Participants consuming the HG broccoli had a significant reduction in plasma LDL-C compared to their own baseline level, but with no significant changes in HDL cholesterol, total cholesterol or TAG.

When data from the BASH study was combined with our previous study (DVH), the reduction in LDL-C by the HG broccoli was significantly greater (p=0.031) than that of the standard broccoli. There was no significant association between reduction in LDL-C and study, recruitment centre or sex.

The reduction in LDL-C by HG broccoli was not dependent upon baseline LDL levels (% ΔLDL-C = 5.8 – 2.6LDL-Cbaseline, r2=2.9%, p = 0.097), in contrast to that of standard broccoli which was significantly associated (% ΔLDL-C = 18.8 – 4.8LDLCbaseline, r2= 13.7%, p = 0.001). Once the data was reanalysed according to subgroups of participants with different baseline LDL-C, we observed a more moderate effect of standard broccoli at reducing LDL-C but only in participants who have higher baseline LDL-C.

In conclusion, the results of the two studies (DVH and BASH) would support the hypothesis that diets rich in broccoli reduce LDL-C, and indicate that the bioactive component is glucoraphanin. The HG broccoli reduced LDL-C by a similar amount to oat ß glucans and plant stanols. The mechanism by which this reduction occurs is likely to be due to suppression of cholesterol synthesis as opposed to suppression of cholesterol and/or bile acid absorption. This may suggest there may be additive LDL-C lowering effects through combining these different food items in the diet. This could contribute to more specific public health advice on the benefits of glucoraphanin containing vegetable consumption for CVD risk reduction.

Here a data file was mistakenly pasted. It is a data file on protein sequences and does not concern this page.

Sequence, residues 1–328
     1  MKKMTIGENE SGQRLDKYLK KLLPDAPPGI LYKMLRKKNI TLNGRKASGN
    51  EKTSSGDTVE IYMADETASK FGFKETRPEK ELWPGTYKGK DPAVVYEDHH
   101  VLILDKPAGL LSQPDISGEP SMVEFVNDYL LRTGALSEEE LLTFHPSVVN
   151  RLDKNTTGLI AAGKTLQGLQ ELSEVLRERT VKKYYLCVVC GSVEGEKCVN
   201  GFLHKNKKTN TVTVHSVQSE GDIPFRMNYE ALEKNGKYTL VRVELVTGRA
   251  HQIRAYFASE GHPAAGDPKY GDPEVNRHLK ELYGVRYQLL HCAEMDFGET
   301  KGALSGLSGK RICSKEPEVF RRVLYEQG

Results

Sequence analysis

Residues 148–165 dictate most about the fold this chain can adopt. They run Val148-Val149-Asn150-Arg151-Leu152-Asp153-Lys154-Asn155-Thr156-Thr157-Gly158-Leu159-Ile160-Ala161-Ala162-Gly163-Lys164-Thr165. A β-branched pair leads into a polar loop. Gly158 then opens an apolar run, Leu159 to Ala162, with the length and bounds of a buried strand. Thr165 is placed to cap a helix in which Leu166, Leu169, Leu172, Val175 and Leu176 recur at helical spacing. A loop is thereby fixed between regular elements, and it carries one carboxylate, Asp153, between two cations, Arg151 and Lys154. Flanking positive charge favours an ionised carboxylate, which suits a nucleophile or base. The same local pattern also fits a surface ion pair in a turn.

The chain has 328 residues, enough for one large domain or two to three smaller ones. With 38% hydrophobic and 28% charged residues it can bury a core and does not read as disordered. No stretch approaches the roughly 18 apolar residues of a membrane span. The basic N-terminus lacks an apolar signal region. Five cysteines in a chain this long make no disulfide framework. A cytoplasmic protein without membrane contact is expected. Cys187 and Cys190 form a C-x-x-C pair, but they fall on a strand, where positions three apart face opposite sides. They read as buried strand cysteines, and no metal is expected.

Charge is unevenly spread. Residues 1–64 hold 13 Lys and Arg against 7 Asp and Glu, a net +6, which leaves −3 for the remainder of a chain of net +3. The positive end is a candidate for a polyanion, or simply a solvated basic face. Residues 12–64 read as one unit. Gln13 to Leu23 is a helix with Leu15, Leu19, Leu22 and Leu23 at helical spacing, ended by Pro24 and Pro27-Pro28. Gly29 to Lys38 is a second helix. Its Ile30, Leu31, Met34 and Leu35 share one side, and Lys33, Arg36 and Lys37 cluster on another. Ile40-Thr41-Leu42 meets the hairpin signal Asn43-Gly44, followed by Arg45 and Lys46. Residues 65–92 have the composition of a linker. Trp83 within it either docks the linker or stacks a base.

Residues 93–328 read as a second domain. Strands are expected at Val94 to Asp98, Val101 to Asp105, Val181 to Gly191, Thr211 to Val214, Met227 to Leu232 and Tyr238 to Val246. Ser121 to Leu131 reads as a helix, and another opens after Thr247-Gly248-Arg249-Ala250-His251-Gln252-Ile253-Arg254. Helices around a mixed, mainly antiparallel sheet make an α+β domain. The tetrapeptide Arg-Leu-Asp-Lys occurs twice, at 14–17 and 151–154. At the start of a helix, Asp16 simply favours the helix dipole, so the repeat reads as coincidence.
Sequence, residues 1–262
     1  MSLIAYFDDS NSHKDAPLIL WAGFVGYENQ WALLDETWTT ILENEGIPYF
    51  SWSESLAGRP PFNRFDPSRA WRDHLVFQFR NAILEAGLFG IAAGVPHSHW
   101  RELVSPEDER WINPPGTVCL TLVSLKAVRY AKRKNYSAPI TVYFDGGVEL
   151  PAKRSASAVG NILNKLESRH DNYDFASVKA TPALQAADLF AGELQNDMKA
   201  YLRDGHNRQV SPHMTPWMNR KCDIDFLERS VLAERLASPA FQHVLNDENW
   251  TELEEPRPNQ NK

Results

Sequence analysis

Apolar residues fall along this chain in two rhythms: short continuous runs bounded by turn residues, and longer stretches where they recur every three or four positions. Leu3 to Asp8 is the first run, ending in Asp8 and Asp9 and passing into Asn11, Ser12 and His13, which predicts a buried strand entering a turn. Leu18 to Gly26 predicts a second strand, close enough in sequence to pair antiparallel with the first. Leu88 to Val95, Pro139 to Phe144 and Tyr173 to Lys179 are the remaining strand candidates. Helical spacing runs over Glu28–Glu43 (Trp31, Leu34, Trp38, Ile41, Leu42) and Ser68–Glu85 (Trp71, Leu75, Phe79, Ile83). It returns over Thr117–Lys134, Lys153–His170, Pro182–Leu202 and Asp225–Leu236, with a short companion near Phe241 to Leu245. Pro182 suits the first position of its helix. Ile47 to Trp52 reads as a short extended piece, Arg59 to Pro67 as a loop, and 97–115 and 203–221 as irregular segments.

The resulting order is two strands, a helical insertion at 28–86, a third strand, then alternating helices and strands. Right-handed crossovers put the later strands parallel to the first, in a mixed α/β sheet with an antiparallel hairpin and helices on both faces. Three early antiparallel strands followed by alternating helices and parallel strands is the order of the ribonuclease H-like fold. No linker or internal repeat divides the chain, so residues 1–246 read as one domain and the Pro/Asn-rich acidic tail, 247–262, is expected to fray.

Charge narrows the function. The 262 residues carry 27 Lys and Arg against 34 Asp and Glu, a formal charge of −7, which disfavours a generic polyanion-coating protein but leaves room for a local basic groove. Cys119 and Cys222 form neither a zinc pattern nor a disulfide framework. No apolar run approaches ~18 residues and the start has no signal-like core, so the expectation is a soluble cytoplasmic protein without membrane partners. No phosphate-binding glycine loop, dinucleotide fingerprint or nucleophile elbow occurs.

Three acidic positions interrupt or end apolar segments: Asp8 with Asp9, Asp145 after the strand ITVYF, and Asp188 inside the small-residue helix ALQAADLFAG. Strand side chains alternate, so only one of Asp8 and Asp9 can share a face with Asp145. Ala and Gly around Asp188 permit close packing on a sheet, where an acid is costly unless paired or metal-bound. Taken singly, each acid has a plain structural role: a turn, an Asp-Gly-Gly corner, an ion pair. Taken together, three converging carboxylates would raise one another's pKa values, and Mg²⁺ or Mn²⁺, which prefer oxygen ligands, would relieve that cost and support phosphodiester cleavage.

Based on: Armah, C. N., Derdemezis, C., Traka, M. H., Dainty, J. R., Doleman, J. F., Saha, S., Leung, W., Potter, J. F., Lovegrove, J. A. and Mithen, R. F. (2015), Diet rich in
high glucoraphanin broccoli reduces plasma LDL cholesterol: Evidence from randomised controlled trials. Mol. Nutr. Food Res., 59: 918–926. doi: 10.1002/mnfr.201400863

  1. Lampe JW. Health effects of vegetables and fruit: assessing mechanisms of action in human experimental studies. Am J Clin Nutr 1999;70(3 Suppl):475S-90S.
  2. Traka M, Mithen R. Glucosinolates, isothiocyanates and human health. Phytochem Rev 2009;8(1):269-82.
  3. Cornelis MC, El-Sohemy A, Campos H. GSTT1 genotype modifies the association between cruciferous vegetable intake and the risk of myocardial infarction. Am J Clin Nutr 2007;86(3):752-8.
  4. Zhang X, Shu XO, Xiang YB, Yang G, Li H, Gao J, et al. Cruciferous vegetable consumption is associated with a reduced risk of total and cardiovascular disease mortality. Am J Clin Nutr 2011;94(1):240-6.
  5. Mithen R, Faulkner K, Magrath R, Rose P, Williamson G, Marquez J. Development of isothiocyanate-enriched broccoli, and its enhanced ability to induce phase 2 detoxification enzymes in mammalian cells. Theor. Appl. Genet. 2003;106(4):727-34.
  6. Gasper AV, Al-Janobi A, Smith JA, Bacon JR, Fortun P, Atherton C, et al. Glutathione S-transferase M1 polymorphism and metabolism of sulforaphane from standard and high-glucosinolate broccoli. Am J Clin Nutr 2005;82(6):1283-91.